I don’t know when I first came across the word painsomnia. It was probably as a result of asking Google whether whatever new pain I was experiencing was a common side effect to the new medication I had been prescribed or was it a symptom in its own right. Doctors should warn their chronically ill patients about the amount of time they will spend trying to figure out the difference between the two.
Painsomnia is often used by people living with chronic pain to describe the inability to sleep caused by being in pain. It’s not a medical term, but there is something about it that goes deeper than simply using the words pain and insomnia so I am not surprised it has emerged from the chronic illness and spoonie communities.
Sometimes having a word that helps you feel seen is enough. Sometimes words are all we have. Sometimes the words one person uses won’t resonate with another. Spoonie is that term for me. I have used it because I know people understand it, but the Spoon Theory never really worked for me.
Christine Miserandino’s Spoon Theory explains that people with chronic illnesses (Lupus in Miserandino’s case) have a finite amount of spoons whereas those who aren’t ill have an unlimited supply of spoons. The everyday things people take for granted, such as showering, may completely deplete a chronically ill person’s supply of spoons. The result is that we are able to do less because our energy levels are lower and we need time to recover often from basic tasks.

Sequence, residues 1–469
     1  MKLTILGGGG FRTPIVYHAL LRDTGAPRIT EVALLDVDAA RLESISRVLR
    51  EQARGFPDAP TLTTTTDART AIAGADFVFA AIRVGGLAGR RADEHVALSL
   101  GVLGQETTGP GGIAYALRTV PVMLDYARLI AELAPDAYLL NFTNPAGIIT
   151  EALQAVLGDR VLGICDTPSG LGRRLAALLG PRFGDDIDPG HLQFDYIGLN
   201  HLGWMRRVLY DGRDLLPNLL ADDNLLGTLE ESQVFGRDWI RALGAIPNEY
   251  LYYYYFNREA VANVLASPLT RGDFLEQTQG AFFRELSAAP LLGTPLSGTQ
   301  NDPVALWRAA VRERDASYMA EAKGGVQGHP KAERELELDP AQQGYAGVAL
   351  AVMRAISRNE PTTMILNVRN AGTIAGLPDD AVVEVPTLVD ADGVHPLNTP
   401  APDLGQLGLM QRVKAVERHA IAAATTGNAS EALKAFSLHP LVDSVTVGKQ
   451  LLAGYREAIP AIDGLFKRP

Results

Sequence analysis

My issue with this is the assumption that everyone has spoons to begin with.
It is strange the things we do because we think they will make life easier for other people. This is true for so many of us, women especially, but I think it is particularly true for those of us living with chronic illness.
But then, there are only so many times and in so many ways you can tell friends, family or acquaintances that having your symptoms under control does not mean they have gone away completely.